Sources at The News & Observer today confirmed that approximately 10 percent of newsroom staffers have accepted buyout offers and will depart the paper in early October.
Among them is Samiha Khanna, who covers Durham County and its school system; Matt Dees, a former Durham city reporter who was recently transferred to the Orange County bureau; and Cheryl Johnston Sadgrove, who covers Orange County government. Until the newsroom is reorganized to adjust for these losses, that leaves one Orange County and four Durham reporters.
The Indy is still confirming the names of other departing editorial staffers at this time. So far, approximately 16 staffers are said to have taken the offer -- the hope is that number will be enough to prevent layoffs this week.
Meanwhile, Gary Pruitt, chairman and CEO of McClatchy, The N&O's parent company, told The Sacramento Bee that it's "too early to tell" whether McClatchy made the right move in buying the Knight Ridder newspaper chain -- a bold move that earned Pruitt a fat bonus, but saddled the company with billions of dollars in debt, debt that has led to widespread layoffs, wage freezes and other cost cutting throughout the summer. Good thing the company sold its corporate jet, though not as soon as it should have, the Lexington Newspaper Guild says.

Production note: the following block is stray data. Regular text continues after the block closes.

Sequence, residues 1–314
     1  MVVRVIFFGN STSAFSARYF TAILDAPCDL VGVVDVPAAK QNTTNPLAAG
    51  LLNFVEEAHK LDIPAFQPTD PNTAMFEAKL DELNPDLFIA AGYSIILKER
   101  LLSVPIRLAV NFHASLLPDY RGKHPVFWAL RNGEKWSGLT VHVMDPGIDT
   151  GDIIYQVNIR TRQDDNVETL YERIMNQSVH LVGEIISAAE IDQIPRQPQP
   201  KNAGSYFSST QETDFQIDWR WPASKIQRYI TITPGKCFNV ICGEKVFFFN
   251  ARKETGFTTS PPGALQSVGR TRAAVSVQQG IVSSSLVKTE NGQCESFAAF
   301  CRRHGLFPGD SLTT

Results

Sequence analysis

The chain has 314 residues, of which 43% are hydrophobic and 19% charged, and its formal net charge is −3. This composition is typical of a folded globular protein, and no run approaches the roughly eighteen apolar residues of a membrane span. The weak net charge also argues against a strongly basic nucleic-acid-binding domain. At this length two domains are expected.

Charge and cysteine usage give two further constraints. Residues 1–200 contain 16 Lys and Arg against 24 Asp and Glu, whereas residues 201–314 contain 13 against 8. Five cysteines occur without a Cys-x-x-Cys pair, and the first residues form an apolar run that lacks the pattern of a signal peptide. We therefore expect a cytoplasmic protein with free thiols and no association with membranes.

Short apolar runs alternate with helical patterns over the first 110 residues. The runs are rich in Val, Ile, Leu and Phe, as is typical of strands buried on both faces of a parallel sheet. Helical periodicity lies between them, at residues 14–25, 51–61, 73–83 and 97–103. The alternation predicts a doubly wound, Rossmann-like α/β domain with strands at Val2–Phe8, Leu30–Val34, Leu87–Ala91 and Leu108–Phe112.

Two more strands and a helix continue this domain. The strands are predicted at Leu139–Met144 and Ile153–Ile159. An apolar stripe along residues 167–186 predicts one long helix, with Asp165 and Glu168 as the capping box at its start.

Here's something else Pruitt once said about his business:
We always say to our papers, you challenge is no matter what, the paper must improve. It always drove me crazy where in a downturn, news hold cuts were made and the paper got worse. And I always thought restaurants don't make food worse in a downturn. Car companies don't make cars less safe in a downturn. Why is it OK to make a newspaper worse in a recession? That's your excuse for making your product worse? It makes no sense.
That statement is from an interview with UNC journalism professor Phil Meyer, quoted in Meyer's book The Vanishing Newspaper: Saving Journalism in the Information Age. (Hat tip to Paul Jones.)
Know what's driving us crazy, Mr. Pruitt? The fact that you're gutting our state's two largest newspapers.